The Upper Dublin Planning Commission isn't chicken when it comes to… well, chickens.
At last week's commission meeting, members held a discussion on allowing township residents to keep chickens, given certain requirements, in their backyards. The conversation began after residents visited the commission in previous months to request the right to keep chickens as pets and for fresh eggs, and it appears likely that the commission will consider an ordinance come their March 20th meeting.
According to chair Wes Wolf, commission members agreed that the following requirements were fitting:
- A maximum of six chickens per lot less than 5 acres
- A minimum lot area of 1/2 acre
- A minimum 25-foot property line setback for pens and coops
- A minimum coop size of 3 sq. ft. per chicken
- A minimum pen area of 10 sq. ft. per chicken
- Various requirements for disposal of waste and composting
Current township zoning code requires five acres of land to raise livestock, including chickens.
Code Enforcement Director Rick Barton said that three homeowners have applied to the Zoning Hearing Board for exceptions in recent years, all of which were granted. A home on the 400 block of Bellaire Avenue was granted permission to keep seven chickens on a 1.38-acre lot, a home on the 300 block of Camp Hill Road to keep five chickens on .6 acres, and a home on Lindenwold Terrace to keep six chickens on .59 acres.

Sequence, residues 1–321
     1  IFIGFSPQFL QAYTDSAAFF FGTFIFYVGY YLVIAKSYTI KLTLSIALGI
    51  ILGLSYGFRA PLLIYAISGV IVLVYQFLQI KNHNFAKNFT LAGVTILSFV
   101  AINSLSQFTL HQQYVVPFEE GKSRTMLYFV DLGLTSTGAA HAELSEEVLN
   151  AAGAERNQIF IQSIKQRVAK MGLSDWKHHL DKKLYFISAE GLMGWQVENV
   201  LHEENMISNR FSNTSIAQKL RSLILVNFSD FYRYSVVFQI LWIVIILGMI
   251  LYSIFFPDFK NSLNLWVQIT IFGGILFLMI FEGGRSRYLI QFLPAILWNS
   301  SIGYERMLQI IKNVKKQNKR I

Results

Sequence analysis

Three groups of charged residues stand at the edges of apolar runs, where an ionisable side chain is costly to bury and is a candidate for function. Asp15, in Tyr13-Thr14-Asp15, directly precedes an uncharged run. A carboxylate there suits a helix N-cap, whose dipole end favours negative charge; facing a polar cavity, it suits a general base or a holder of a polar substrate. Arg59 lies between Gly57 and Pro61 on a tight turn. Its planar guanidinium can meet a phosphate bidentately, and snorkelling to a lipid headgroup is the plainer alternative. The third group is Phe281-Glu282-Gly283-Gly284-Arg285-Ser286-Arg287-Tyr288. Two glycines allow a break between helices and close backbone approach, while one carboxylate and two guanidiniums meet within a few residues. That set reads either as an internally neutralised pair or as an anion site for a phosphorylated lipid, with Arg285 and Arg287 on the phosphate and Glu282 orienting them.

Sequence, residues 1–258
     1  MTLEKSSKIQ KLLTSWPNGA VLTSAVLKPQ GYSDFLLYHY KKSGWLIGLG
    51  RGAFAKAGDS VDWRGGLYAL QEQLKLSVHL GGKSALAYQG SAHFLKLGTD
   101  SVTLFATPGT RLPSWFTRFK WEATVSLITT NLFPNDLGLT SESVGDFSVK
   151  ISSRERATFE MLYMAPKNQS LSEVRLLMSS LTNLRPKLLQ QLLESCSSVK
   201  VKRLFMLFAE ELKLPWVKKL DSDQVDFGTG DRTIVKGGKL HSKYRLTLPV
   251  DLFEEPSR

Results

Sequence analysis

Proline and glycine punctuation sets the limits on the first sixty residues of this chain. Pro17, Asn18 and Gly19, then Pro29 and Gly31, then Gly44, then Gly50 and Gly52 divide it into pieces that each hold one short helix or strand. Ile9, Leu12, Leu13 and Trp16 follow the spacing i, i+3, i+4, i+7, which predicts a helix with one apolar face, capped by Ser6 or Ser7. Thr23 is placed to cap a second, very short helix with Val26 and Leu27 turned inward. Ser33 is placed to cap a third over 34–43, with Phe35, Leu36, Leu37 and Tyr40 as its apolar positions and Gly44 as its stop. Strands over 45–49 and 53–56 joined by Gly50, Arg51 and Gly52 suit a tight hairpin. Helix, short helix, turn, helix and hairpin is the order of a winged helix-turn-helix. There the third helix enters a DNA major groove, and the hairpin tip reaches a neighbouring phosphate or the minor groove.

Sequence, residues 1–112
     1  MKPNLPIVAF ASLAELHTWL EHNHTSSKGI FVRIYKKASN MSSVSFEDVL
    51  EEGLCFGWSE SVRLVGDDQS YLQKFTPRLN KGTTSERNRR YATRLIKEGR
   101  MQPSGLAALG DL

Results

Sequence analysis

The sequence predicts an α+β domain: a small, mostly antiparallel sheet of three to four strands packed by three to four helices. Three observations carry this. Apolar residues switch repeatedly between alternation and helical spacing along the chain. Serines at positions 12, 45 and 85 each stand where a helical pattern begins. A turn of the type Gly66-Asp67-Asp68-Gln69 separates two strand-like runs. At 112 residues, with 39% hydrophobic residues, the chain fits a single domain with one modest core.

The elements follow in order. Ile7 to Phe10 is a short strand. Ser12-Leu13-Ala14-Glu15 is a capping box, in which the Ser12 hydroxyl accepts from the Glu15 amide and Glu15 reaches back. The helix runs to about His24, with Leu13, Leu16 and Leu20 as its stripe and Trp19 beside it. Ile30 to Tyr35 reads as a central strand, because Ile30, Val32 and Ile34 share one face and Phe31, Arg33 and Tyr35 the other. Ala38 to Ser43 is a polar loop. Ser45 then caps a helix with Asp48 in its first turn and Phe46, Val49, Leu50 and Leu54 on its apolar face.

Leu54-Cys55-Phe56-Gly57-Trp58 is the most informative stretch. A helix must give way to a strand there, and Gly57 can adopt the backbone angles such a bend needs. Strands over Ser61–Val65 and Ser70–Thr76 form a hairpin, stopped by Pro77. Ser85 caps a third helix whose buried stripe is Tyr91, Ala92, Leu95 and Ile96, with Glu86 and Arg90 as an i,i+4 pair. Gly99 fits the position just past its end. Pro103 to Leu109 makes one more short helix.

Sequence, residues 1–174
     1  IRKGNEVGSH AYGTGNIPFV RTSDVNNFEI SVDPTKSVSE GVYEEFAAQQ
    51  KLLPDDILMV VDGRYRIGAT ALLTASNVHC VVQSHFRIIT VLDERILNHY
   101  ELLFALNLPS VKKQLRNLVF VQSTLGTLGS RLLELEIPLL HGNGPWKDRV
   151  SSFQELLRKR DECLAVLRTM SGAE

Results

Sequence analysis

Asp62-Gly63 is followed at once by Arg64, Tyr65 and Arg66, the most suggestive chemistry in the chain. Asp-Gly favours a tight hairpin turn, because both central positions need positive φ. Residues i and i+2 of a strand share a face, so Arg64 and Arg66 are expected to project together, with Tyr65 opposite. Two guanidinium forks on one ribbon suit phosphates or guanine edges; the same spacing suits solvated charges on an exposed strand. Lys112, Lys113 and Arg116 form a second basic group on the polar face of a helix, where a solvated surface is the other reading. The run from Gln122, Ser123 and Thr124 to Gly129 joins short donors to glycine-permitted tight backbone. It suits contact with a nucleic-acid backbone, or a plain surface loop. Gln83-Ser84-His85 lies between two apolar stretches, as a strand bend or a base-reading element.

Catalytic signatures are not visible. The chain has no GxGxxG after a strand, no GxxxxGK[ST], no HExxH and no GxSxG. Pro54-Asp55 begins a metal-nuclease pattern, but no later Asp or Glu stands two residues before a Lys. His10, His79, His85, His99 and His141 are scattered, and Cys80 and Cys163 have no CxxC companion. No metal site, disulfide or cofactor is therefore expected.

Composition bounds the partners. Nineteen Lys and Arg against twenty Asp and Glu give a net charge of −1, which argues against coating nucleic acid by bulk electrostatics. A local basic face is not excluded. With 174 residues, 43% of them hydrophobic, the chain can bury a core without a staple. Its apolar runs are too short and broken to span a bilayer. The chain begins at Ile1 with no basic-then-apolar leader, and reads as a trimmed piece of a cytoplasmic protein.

None of the exceptions allowed for roosters. In addition, a home on the 600 block of Susquehanna Road was cited in February 2010 for keeping 17 chicken and 12 ducks on 1.61-acre lot.
A report prepared by Barton also examined nearby municipalities and their bird laws. In Abington and Upper Gwynedd, the keeping of livestock is limited to lots of at least three acres. In Whitemarsh township, there are no limitations on the number of chickens, but each must be provided appropriate space.
The report also cited a study from Pennsylvania State University that stated most municipalities allow for 4-6 chickens. However, Barton wrote that the study's requirements for coop size, based on a ratio with the weight of each chicken, would probably not make it into the township's proposed ordiance.
"The area standards for indoor quarters and outdoor fenced areas are based on the body weight of the chickens," Barton wrote. "It is not a practical standard for enforcement."
A model ordinance is being prepared by township employees and will likely appear before the Planning Commission on March 20th. If passed, it will then appear before the Board of Commissioners for adoption.